Archive for May, 2011
The series kicked off with a biting piece unveiling what the writer describes as a “dysfunctional system that delivers billions of dollars to local housing agencies with few rules, safeguards, or even a reliable way to track projects.”
Affordable housing advocates and other homelessness and housing community members talked back, offering counter arguments.
- The National League of Cities underlines both the risks HUD takes in creating affordable housing and the many successes the department has had.
- The Council of Large Public Housing Authorities calls the series “off target” emphasizing both the urgent need for affordable housing and the role HUD programs play in creating them for low-income families.
- And finally, HUD comes to it’s own defense on the department blog, announcing that The HOME Program works!
The piece created a strong buzz in the housing community and will hopefully create a healthy dialogue about the imperative need for affordable housing and innovative new ways to meet that need.
The Post writer herself takes a first stab at illustrating the need with her accompanying story about a mother’s route from homeless to home, the story of a young woman and her fraught efforts to acquire affordable housing. The story illuminated a point that often gets lost: affordable housing is a key to ending homelessness.
Did you notice the series this week? What did you think? Share your ideas, thoughts, comments, and concerns with us here and on our social networks!
Today’s guest post comes to us from Whitney Gent, Development & Communications Director at the National Law Center on Homelessness & Poverty.
Recent polling indicates that 3/4 of Americans believe that adequate housing is a human right, and 2/3 believe that government programs need to be expanded to ensure this right.
The U.S. helped shape the Universal Declaration of Human Rights and the International Covenant on Economic, Social, and Cultural Rights – both of which recognize that housing is not a privilege, but a right. But despite our declarations and our international treaty ratifications, it’s obvious our ideals do not match our reality.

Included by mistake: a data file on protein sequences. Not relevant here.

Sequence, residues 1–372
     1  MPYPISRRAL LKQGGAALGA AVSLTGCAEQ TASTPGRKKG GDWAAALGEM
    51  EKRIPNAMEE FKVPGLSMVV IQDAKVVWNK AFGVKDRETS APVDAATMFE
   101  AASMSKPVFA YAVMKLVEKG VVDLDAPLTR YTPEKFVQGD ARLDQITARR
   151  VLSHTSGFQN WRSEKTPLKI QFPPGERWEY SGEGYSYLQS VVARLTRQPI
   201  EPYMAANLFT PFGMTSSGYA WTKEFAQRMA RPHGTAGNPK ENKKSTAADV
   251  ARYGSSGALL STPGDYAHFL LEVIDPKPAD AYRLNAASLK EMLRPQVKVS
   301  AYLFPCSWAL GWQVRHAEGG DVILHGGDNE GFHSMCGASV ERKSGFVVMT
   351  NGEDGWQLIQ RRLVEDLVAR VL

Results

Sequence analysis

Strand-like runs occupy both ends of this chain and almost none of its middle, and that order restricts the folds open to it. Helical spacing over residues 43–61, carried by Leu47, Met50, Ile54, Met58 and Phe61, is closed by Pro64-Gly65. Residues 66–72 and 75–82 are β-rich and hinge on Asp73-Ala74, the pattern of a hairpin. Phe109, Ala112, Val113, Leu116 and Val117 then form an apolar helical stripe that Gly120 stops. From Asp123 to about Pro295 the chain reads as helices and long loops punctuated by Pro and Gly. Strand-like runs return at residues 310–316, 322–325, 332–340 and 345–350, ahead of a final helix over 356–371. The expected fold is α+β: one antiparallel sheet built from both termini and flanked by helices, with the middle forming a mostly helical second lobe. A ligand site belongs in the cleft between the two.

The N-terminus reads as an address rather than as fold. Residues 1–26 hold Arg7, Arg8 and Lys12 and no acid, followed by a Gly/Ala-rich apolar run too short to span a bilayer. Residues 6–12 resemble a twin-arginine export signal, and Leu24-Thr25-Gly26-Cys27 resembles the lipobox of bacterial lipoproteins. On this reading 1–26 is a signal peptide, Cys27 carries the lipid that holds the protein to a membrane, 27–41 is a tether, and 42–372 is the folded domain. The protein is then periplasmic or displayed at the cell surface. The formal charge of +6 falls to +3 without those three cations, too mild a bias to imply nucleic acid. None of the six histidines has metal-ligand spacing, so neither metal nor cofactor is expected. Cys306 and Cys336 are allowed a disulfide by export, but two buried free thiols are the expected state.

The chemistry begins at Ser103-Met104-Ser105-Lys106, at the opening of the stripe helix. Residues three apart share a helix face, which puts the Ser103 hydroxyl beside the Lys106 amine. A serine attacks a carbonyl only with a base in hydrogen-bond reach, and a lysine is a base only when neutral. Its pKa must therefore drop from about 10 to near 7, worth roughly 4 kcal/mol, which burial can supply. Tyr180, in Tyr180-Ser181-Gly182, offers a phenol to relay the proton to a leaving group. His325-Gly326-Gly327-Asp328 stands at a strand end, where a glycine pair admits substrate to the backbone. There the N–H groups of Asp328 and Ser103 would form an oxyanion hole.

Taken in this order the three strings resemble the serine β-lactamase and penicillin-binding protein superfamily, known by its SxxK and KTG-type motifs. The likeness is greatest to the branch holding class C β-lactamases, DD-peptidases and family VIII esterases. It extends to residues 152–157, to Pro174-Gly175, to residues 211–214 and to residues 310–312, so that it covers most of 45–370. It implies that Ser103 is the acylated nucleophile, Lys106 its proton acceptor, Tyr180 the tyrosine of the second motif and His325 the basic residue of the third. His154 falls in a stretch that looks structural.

But now, we’re seeing big progress. This March, for the first time, the federal government officially acknowledged that reducing homelessness implicates its human rights obligations. Government is now catching up with advocates who have been working for this recognition for years.
This is thanks to advocates across the country who have demanded that our government be held accountable to its international commitments and to make the human right to housing a reality here at home.
Using a rights-based framework for homelessness advocacy gives us a different set of tools to create change, to end homelessness. A rights-based framework can help us fight budget cuts that would send more people to the streets. It will help us turn the Federal Plan to End Homelessness into federal action.
This June 7-8, the National Law Center on Homelessness & Poverty will host advocates from across the country in Washington D.C. at the annual National Forum on the Human Right to Housing, where we will offer trainings on how to use the tools we have gained to make progress in the movement to realize the human right to housing. We’ll also strategize to determine how to best build on the foundation we’re laying.
The forum will feature speakers from government, the media, the advocacy community, and the funding community For more information about the forum, or to register, please visit our website.
Some scholarships are available. Contact Christine Hwang to apply.
Whitney Gent is the Development & Communications Director for the National Law Center on Homelessness & Poverty (NLCHP).
There were two excellent articles this week about the Temporary Assistance for Needy Families (TANF) program (sometimes called welfare); these articles made some excellent points about this important and at-risk program.
In Greg Kaufmann’s piece for The Nation he quotes Jack Frech, director of the Athens County Department of Job and Family Services in Ohio, who talks about his clients “doubling and tripling up” in housing and “forgoing medical treatment” to meet their work requirements to receive assistance. The poignant testimony Frech offers is a vivid look at both escalating need and outdated regulations attached to federal assistance.
Nancy Folbre, economics professor at the University of Massachusetts, Amherst, delved deeper into the reasons many families are unable to access benefits in a New York Times piece. She makes the case for subsidized jobs programs that she says both work and need to be scaled up to meet increasing need.